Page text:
Will You Run In
You see this all the time now, regarding tragedies like the Boston Marathon earlier this week: while others ran away, they ran in. “They” is usually public safety professionals, but sometimes it is average Joes and Jills instinctively reacting to crisis by going towards others’ need rather than their own safety. Whether it is because it is your job or because you have a loved one in danger or because you are just responding out of instinct, it is a remarkable and heroic impulse.
I don’t know about you, but these tragedies cause serious self-reflection on my part, and I usually don’t like what I find when I’m searching my soul. Because I’m pretty sure that, in the moment, I would run away and not run in.
I would almost certainly act out of self-preservation rather than out of seeking to be as helpful and useful as possible at a time of great need and great uncertainty. It may seem better to say that such a reaction is not out of any fear of danger or harm as much as it is a commitment to my wife and kids, who need me and who would suffer tremendously without me. But that is no less true for the policemen and fire fighters and ordinary citizens who yet rushed towards the explosions to help those who were hurt. Wouldn’t their families and workplaces and faith communities and neighbors mourn their losses just as much as mine would?
I think this is part of what it means when Jesus talks about hating your family and even your own life in order to follow Him (Luke 14). “Hate” is such a strong and ominous word, and it poses a challenge in interpreting what Jesus means by using it so forcefully in the context of following Him. Some say he’s speaking metaphorically – our love for Him must make all other love connections like hate in comparison. Others use this command to justify their animosity towards family members – “I never did like my parents, and now the Bible is telling me I don’t have to have anything nice to do with them.”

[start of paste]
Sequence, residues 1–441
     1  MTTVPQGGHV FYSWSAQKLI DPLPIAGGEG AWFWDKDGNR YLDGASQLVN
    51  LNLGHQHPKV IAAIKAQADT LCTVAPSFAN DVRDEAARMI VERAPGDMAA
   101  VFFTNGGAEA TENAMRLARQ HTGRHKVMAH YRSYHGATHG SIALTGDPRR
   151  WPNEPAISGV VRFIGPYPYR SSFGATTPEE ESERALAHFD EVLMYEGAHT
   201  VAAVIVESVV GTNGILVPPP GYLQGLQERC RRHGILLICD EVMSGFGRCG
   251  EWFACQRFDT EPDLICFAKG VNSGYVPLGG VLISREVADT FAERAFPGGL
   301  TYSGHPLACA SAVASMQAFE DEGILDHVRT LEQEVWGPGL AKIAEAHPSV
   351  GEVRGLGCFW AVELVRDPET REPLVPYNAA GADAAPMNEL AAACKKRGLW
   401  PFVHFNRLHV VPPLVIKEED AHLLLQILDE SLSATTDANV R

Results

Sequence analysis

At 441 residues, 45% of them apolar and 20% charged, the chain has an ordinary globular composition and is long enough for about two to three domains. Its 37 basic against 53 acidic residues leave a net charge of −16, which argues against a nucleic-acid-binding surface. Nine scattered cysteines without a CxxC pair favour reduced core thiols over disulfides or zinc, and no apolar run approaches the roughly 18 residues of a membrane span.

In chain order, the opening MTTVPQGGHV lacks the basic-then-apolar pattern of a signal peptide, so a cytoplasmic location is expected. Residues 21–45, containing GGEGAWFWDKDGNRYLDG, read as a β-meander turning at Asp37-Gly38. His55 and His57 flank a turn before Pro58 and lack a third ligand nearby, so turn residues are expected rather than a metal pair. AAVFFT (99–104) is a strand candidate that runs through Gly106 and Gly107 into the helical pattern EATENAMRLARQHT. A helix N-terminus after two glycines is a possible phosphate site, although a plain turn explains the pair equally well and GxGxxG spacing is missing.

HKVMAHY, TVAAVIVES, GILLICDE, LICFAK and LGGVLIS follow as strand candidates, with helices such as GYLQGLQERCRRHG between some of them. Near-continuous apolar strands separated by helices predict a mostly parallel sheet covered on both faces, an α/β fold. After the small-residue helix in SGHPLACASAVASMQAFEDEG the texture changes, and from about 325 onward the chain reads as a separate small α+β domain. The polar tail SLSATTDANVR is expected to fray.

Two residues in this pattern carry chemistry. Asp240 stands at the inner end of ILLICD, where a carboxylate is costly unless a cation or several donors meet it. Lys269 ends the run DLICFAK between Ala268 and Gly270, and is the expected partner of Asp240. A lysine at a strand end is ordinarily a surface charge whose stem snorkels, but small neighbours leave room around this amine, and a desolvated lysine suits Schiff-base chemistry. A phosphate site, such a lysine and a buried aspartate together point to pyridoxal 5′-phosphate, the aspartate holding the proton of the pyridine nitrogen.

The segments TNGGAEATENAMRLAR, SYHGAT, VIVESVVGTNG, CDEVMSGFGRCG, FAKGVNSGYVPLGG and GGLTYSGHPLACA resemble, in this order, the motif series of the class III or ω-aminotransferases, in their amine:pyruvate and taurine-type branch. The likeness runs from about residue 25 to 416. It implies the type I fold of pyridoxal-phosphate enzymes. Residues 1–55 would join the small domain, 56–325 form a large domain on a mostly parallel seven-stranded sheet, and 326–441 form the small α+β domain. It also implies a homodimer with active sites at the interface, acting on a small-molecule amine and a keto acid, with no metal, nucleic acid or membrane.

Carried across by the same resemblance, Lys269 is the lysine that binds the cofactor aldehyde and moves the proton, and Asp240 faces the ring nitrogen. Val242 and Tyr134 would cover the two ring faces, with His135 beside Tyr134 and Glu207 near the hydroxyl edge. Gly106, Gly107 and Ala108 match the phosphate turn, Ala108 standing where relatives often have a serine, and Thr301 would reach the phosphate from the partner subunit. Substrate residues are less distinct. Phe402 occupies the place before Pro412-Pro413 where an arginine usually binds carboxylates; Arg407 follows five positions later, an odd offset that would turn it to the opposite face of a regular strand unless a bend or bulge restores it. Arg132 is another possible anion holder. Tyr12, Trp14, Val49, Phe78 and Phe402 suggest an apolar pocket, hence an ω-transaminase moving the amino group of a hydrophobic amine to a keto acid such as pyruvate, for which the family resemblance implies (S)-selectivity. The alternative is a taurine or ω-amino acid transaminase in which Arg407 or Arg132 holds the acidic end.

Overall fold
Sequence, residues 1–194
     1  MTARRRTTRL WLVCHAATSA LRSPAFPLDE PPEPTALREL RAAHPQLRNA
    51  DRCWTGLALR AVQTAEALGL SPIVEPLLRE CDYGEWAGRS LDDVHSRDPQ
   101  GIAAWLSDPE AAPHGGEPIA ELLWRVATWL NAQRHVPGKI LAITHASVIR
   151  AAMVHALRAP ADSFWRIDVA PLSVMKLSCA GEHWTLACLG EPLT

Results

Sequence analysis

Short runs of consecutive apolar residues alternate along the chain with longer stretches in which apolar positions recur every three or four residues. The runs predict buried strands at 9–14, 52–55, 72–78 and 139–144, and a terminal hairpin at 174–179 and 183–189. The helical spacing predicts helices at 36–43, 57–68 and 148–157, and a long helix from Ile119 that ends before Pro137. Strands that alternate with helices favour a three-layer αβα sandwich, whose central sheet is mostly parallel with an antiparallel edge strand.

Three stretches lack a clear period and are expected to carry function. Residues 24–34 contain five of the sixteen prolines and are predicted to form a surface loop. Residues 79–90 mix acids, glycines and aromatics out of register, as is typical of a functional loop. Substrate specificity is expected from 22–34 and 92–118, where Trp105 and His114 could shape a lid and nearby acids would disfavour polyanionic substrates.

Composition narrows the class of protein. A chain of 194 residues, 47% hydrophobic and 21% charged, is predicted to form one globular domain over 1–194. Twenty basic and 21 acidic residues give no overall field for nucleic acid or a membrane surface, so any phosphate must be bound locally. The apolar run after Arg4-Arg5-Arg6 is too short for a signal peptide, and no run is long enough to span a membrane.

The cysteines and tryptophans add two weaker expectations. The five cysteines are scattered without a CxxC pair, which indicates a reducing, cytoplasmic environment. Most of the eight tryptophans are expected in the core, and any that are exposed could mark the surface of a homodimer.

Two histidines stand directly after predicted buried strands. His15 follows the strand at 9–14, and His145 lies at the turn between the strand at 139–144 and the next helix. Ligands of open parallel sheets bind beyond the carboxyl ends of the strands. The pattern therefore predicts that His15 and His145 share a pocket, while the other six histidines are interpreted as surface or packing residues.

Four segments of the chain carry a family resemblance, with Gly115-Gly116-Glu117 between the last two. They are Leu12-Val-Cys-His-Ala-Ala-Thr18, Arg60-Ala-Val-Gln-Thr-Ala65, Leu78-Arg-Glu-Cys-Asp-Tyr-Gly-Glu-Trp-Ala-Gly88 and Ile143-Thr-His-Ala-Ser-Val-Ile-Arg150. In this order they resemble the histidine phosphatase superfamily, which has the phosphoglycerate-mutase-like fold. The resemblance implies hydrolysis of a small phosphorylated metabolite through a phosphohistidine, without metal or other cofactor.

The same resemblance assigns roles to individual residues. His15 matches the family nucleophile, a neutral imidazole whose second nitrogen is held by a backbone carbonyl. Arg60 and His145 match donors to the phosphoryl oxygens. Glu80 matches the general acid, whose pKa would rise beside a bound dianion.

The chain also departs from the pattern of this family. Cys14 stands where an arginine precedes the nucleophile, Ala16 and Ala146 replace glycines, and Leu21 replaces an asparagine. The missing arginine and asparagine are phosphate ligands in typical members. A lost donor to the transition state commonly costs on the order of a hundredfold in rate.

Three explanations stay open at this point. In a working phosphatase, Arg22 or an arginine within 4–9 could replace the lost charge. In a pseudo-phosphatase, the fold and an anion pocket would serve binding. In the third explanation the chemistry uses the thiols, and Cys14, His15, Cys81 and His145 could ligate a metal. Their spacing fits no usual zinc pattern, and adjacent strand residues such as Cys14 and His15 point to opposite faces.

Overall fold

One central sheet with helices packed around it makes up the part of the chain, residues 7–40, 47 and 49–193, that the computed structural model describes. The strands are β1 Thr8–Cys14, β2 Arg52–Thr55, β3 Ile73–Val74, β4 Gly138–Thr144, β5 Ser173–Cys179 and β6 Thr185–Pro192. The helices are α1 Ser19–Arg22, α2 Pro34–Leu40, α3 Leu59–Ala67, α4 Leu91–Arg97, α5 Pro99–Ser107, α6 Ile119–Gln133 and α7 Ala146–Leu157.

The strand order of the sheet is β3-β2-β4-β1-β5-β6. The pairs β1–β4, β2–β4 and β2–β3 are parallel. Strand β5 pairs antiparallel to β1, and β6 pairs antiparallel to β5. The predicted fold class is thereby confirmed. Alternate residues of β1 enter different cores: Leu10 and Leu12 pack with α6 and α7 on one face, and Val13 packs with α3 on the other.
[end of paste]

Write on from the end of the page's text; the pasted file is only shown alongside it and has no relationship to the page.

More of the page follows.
It’s hard to say this in a Christian culture in which family is so important. The Christians I know tend to value family very highly, which is reflected in having lots of kids or cultivating multi-generational linkages or guarding quality time around the dinner table or on special occasions. These are, unequivocally, good things.
And yet the journey of the Christian disciple is such that anything – anything at all, including and perhaps especially very good things like family – that gets in the way of total commitment to following Jesus can be considered an idol, something that takes away from our worship of God and something that therefore should be put to the side.
This, I believe, is the context of Jesus’ command. He is at the peak of His popularity, with crowds hanging on His every word and action. Knowing what true Christian discipleship requires – knowing what it will require of Himself – He turns around and warns all of the hangers-on that you can’t be a follower unless you hate your family and even your own life.
Consider the analogies that bracket this arresting statement – someone just bought a field, someone just bought five oxen, someone just got married, someone is thinking about building a tower, someone is thinking about going to war. The message is clear: you are either 100 percent about this or you are not.
Being 100 percent for Jesus sometimes looks like hating your family and even your own life. It means that while taking care of yourself and your loved ones is important, it is not always paramount. In extraordinary situations, we may be called on to do something that puts ourselves in danger, and in doing so exposes our family members to great loss or harm.
I truly believe that God is a protector, and that He works all things out for the good of those who love Him and who have been called according to His purpose. But that does not mean that we will not suffer harm or even loss of life in the act of following Jesus, and that does not mean we will never have to choose between being there for our family members and doing what is required in the heat of the moment.
My assumption is that after Jesus issued this jarring statement, many who were once high on the miracle man from Nazareth turned away, deciding they didn’t or couldn’t hate their family and their own lives in order to follow Him. And so it is today. Some of us live bland, half-committed lives to God, which are really not lives to God at all. Some of us are faced with the starkness of Jesus’ command, and choose to walk away. And others say yes, and entrust themselves to Him whose own road of Christian discipleship entailed laying down His own life.